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elm-fetch

Some conveniences for implementing the update function with fetch.

The primary purpose of the update function is to take a msg and return an updated model (and possibly a Cmd). So, what one ordinarily does in an update function is run a case statement on the msg, doing whatever is appropriate for the provided msg.

However, there are times when we want to take certain actions based not on the msg we just received, but instead on the state of our model generally ... particularly the state of whatever is controlling our view. For instance, we may need to load some data from the backend in order to support the current view. That will require a Cmd, but it is logically independent of the current msg. Well, I suppose you could try to "catch" every message that creates a requirement to fetch some data, but that is error prone -- it would be nicer to just compute what messages are necessary, given the state of the model.

So, imagine that you have a function like this:

fetch : Model -> List Msg

Its job is to look at the model and decide whether there are any messages that ought to be processed (e.g. to fetch some needed data, but it isn't really limited to that). It's convenient for this to be a separate function (that is, separate from update), because it doesn't depend on the msg ... it will be a function of something in the model which indicates what the view needs.

However, we also need to apply this fetch function. That is where andThenFetch comes in. You provide:

  • your fetch function
  • your update function

What you get back is a function that has the same signature as your update function ... that is, it is also in the form Msg -> Model -> (Model, Cmd Msg). However, after it calls your own update function, it calls your fetch function with the resulting Model, and then feeds those results back into your update function. So, whatever messages your fetch function returns will be processed.

Note that this will run recursively ... that is, when your fetch function returns some messages to process, it will be called again with the results of processing those messages. So, you will need something in your model to keep track of actions in progress (e.g. RemoteData) so that you don't repeatedly kick off the same action in an infinite loop.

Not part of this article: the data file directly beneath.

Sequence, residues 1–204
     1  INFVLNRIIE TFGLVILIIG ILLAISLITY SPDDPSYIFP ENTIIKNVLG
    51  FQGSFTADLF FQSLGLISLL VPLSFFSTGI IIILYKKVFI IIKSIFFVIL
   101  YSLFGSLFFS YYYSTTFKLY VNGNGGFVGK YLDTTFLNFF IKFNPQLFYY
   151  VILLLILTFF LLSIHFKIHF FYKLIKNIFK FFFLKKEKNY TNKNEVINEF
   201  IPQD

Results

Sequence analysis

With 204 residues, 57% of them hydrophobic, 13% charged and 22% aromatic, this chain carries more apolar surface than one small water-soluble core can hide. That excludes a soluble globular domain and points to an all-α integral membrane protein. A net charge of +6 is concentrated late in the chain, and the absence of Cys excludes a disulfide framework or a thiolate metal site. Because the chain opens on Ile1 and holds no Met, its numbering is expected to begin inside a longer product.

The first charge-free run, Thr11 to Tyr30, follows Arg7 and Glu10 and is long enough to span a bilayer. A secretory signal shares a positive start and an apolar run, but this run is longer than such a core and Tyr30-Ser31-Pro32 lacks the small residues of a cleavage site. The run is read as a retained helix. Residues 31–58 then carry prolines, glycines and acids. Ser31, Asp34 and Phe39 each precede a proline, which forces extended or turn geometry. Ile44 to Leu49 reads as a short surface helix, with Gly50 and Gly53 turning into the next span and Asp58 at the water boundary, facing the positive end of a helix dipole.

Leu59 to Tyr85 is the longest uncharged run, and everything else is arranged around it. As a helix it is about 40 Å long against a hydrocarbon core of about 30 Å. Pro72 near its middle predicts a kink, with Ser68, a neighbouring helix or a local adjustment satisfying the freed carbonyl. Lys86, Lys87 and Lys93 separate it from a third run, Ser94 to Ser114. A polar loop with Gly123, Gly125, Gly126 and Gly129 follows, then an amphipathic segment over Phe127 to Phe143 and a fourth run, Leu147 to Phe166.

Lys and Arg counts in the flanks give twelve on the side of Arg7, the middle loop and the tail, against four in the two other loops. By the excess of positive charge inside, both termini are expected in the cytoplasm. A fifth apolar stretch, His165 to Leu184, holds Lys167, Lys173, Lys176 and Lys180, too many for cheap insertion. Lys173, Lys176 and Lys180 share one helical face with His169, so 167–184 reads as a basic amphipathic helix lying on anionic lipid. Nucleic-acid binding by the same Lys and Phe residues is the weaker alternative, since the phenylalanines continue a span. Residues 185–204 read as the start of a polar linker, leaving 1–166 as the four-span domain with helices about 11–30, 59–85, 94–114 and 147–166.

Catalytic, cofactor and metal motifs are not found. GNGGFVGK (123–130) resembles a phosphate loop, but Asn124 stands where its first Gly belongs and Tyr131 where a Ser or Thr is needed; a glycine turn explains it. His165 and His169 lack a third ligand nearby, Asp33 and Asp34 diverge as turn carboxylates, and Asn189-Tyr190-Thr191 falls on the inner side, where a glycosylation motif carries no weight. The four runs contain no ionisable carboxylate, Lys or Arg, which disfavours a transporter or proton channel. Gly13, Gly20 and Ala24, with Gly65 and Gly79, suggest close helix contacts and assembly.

To use this function, you would normally just supply the first two parameters ... that is, your fetch function and your normal update function. What you will then get back is a function of the form msg -> model -> ( model, Cmd msg) ... that is, an update function that you can then pass to programWithFlags (or use in another way).

Your main function would look something like:

main =
    Browser.element
        { init = App.Update.init

        -- We wire `andThenFetch` here.
        , update = Update.Fetch.andThenFetch App.Fetch.fetch App.Update.update
        , view = App.View.view
        , subscriptions = App.Update.subscriptions
        }

App.Update.update is your normal update function. App.Fetch.fetch will likely look something like this, assuming you have a Page called Items:

{-| Call the needed `fetch` function, based on the active page.
-}
fetch : App.Model.Model -> List App.Model.Msg
fetch model =
    case model.activePage of
        Items ->
            Pages.Items.Fetch.fetch model.backend
                |> List.map (\subMsg -> MsgBackend subMsg)

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